“Everybody who has ever read a book will benefit from the way Keith Houston explores the most powerful object of our time. And everybody who has read it will agree that reports of the book’s death have been greatly exaggerated.”—Erik Spiekermann, typographer
We may love books, but do we know what lies behind them? In The Book, Keith Houston reveals that the paper, ink, thread, glue, and board from which a book is made tell as rich a story as the words on its pages—of civilizations, empires, human ingenuity, and madness. In an invitingly tactile history of this 2,000-year-old medium, Houston follows the development of writing, printing, the art of illustrations, and binding to show how we have moved from cuneiform tablets and papyrus scrolls to the hardcovers and paperbacks of today. Sure to delight book lovers of all stripes with its lush, full-color illustrations, The Book gives us the momentous and surprising history behind humanity’s most important—and universal—information technology.
About the Author
Keith Houston is the author of Shady Characters and the founder of shadycharacters.co.uk. He lives in London.
A lovingly designed and
illustrated deep history of the book. — John Williams
Mr. Houston savors evocative detail. . . . As befits its subject, The Book is pleasingly designed—with an offbeat self-consciousness about its sturdy appearance—and Mr. Houston’s unapologetic nerdiness is matched by a jaunty style. . . . Mr. Houston is an eager, affable guide, and his detailed history is a welcome reminder that this ‘unrepentantly analog contraption’ is one of the truly great pieces of technology.
— Henry Hitchings
A love letter to the physical book, this is a fascinating and erudite telling of how it came into being. . . . Hugely enlightening. — Tory Lyne-Pirkis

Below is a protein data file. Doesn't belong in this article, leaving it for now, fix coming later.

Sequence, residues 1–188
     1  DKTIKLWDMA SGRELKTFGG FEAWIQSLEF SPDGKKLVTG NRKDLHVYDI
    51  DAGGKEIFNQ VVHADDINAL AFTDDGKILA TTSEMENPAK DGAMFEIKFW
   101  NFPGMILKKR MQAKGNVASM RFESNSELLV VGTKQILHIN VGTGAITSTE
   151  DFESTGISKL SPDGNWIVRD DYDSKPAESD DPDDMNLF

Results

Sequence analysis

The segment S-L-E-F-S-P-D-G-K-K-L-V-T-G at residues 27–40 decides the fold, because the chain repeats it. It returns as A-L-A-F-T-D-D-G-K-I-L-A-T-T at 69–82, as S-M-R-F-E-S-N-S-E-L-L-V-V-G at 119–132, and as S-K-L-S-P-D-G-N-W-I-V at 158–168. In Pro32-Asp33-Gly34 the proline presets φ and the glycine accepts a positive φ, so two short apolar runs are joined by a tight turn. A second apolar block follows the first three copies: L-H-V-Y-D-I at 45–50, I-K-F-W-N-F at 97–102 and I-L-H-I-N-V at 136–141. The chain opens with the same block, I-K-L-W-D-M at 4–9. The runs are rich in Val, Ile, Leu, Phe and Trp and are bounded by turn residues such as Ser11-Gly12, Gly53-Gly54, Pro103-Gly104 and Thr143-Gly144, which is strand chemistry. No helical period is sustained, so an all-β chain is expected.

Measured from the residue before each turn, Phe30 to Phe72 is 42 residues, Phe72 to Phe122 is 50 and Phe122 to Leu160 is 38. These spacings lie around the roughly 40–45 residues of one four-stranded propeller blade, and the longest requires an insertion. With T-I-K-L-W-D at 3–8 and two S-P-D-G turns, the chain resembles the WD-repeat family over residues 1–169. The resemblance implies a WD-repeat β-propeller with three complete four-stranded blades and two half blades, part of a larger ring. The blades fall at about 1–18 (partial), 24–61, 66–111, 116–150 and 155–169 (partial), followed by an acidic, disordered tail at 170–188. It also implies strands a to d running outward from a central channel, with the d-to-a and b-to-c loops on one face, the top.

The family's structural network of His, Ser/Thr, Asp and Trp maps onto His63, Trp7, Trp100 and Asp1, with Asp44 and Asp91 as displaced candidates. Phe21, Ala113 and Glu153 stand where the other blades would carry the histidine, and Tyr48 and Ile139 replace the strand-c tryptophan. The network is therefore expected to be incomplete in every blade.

Keith Houston's deft history of the object wraps entire civilizations into the telling, propelling us through the evolution of writing, printing, binding and illustration with gusto. — Barbara Kiser, books and arts editor of Nature magazine
If you love books, love the feel of a book in your hands, the heft and smell, the swish of a turned page and the satisfying thump of the cover -- and you must or you wouldn't be reading this -- have I got the book for you. . . . The bookiest of books. . . . Houston. . . writes with zest. He's an enthusiast if not an obsessive, with a voracious appetite for details, from the daily grind in a medieval scriptorium to the intricate workings of a modern offset press. . . . The Book is nothing if not user-friendly.
— Bill Marvel
Invitingly tactile. . . . Sure to delight book lovers of all stripes with its lush, full-color illustrations, THE BOOK gives us the momentous and surprising history behind humanity’s most important—and universal—information technology.
Erudite, playful, and illuminating. . . . Houston is both witty and intensely detailed, thus appealing both to general readers and to bibliophiles who will wish to know the specifics of making papyrus, of stitching together pages, and of learning how we arrived at today's paper sizes. . . . A splendid, challenging mixture of information and fun.
Houston’s fixation with this object is a
delight, and his understanding of how history is written and his clear
delineation between speculation and established fact are very refreshing.
This engaging volume should satisfy a wide cross-section of book lovers, history buffs, and those interested in the dynamic relationship among language, the written word, and human ingenuity. — Rebecca Brody
[A] masterful and
overwhelmingly entertaining volume, both an homage to the book and one itself
to be cherished by readers everywhere. — Clea Simon
We bibliomaniacs have a
soulmate in Keith Houston . . . riveting. — Alan Taylor
Savor this deeply
researched love letter to every bibliophiles favorite thing . . . a scholarly
and light-hearted review of everything you want to know on the origins of the
written language, the media upon which it is captured, and its methods of
illustration, reproduction, and distribution. — Jennifer Bort Yacovissi
and tactile. — Russell Leadbetter
This witty and mischievous
tome traces the evolution from papyrus to paperback in 448 pages. It’s an
optimistic ode to one of mankind’s greatest inventions, which continues to
thrive even against the onslaught of e-readers. — The Monocle Minute
Everybody who has ever read
a book will benefit from the way Keith Houston explores the most powerful
object of our time. And everybody who has read it will agree that reports of
the book’s death have been greatly exaggerated. — Erik Spiekermann, Professor at University of the Arts Bremen